“NOW JUST A DARN MIN-NUT!!”, The True Essence of Bob Clampett’s “Beany and Cecil”

Our red-blooded "sea sur-pent" in puppet form (1949, above) and animated (1962, above right)

Our red-blooded "sea sur-pent" in puppet form (1949, above) and animated (1962, below right)

by Kevin Wollenweber

I was listening to the commentary tracks found on disk four of LOONEY TUNES GOLDEN COLLECTION, VOL. 3, especially John Kricfalusi’s enthusiastic talks
during some of his favorite Bob Clampett cartoons included in that program, like “GRUESOME TWOSOME” and “FALLING HARE”, noting the overall work of Bob
Clampett as a major influence for many facets of his own “REN & STIMPY”series and his ways of approaching characters that are not his own. It must
have, therefore, been a blast for John K. to have had a shot at directing and writing his own “BEANY & CECIL” series as his tribute to the man who was his artistic hero.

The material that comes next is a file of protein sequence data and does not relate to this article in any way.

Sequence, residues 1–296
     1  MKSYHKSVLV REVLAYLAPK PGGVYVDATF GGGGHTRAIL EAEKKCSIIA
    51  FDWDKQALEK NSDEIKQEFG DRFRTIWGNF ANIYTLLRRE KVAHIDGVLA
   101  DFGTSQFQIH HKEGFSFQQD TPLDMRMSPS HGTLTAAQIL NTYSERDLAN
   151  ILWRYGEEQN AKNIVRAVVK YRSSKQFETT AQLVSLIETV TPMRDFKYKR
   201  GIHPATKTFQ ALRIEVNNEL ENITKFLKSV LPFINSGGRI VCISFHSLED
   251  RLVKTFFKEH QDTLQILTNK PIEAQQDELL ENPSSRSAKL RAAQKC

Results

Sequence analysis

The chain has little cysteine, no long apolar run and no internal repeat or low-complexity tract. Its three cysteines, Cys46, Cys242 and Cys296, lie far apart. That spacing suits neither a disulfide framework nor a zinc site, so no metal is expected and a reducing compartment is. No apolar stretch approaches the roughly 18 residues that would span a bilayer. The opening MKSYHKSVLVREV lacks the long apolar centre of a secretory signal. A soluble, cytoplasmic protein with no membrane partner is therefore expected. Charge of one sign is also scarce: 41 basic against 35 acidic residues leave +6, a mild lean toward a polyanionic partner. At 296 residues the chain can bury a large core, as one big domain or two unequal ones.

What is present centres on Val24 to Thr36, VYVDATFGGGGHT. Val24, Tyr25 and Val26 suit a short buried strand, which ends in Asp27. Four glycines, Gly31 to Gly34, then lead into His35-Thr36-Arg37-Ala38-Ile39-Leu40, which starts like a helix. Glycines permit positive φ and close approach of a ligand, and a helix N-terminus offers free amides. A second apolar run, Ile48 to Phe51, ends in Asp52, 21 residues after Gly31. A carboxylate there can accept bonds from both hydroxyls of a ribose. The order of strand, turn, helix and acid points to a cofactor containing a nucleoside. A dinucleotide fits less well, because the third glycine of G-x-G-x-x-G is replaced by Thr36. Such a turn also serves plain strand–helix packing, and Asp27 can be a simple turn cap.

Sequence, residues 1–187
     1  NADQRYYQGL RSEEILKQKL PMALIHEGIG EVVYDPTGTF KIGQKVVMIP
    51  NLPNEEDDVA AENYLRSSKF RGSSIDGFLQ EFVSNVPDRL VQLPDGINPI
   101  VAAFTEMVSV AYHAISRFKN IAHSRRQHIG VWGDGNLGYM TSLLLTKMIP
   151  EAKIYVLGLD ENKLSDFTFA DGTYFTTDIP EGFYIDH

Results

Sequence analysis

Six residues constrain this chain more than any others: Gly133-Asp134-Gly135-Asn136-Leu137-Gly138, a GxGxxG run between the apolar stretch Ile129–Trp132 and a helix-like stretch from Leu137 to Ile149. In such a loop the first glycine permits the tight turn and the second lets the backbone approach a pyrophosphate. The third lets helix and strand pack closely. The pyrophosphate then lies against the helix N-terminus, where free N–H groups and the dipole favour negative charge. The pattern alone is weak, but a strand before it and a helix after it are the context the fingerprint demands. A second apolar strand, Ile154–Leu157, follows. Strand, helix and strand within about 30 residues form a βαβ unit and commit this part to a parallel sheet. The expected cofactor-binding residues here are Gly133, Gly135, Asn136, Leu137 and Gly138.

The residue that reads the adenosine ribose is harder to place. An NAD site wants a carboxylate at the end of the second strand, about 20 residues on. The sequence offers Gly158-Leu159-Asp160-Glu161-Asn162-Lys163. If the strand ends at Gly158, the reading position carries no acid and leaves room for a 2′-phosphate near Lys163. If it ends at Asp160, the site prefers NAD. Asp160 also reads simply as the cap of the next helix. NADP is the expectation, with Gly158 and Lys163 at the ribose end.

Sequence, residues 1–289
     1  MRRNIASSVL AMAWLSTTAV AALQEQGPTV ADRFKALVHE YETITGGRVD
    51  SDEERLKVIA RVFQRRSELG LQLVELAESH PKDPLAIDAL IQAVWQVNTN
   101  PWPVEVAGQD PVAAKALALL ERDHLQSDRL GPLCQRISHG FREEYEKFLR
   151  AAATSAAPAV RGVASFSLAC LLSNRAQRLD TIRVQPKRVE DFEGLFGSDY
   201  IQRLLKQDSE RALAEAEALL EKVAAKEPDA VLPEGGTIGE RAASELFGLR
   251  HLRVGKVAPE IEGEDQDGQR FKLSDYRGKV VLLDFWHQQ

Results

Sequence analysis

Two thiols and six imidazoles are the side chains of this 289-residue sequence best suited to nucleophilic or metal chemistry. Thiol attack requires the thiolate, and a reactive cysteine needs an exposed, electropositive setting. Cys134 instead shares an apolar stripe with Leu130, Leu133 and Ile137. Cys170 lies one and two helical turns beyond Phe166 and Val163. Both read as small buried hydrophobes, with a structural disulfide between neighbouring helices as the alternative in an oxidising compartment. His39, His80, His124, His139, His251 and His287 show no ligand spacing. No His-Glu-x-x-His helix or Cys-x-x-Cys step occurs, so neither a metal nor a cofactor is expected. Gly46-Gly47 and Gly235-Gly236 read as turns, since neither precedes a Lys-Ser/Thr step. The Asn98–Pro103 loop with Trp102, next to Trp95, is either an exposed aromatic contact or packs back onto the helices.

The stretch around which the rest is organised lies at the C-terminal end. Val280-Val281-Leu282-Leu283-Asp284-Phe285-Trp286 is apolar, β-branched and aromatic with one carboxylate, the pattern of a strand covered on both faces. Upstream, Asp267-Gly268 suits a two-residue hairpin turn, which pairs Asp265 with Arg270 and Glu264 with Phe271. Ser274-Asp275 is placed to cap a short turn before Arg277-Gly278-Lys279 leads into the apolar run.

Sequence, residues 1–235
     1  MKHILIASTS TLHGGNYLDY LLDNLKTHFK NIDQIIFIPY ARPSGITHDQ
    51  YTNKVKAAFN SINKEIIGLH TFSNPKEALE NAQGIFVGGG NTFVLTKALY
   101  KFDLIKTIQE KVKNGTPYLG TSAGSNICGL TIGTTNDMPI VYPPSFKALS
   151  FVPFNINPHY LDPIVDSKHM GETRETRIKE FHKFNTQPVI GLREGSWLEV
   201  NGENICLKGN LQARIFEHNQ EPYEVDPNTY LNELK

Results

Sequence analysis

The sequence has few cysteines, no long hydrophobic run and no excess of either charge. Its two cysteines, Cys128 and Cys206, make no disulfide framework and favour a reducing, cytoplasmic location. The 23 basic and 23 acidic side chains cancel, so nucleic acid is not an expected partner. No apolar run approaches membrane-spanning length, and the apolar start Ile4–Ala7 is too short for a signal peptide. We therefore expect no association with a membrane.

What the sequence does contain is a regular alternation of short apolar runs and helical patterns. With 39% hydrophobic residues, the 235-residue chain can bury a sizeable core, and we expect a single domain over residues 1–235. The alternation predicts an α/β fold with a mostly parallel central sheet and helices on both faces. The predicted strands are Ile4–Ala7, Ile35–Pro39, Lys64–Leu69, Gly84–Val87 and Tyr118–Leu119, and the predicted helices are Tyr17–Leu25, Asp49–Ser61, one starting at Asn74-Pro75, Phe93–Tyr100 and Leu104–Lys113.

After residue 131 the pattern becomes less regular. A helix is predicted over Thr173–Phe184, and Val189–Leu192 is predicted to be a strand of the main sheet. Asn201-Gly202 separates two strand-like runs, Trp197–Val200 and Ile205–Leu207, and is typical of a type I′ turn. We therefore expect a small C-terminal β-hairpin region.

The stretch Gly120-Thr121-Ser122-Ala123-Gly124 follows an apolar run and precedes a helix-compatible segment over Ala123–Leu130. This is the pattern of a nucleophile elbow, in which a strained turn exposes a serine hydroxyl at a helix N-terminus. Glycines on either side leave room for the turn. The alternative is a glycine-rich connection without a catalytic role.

In the commentaries, John K. says that Bob Clampett was the king of mischief, of the double entendre, the gag that could mean something other than what you might have thought it meant as a kid viewing it for the first
time, and there are indeed times this is true. There was that gag that apparently was often cut from TV airings of “AN ITCH IN TIME” in which the dog gets bitten by the flea and  goes rolling from one corner of the room to the other, dragging his bitten posterior on the ground and yowling, pausing only for enough time to pant and say, as an aside to the audience, “Hey, I’d better cut this out. I might
get to like it!”

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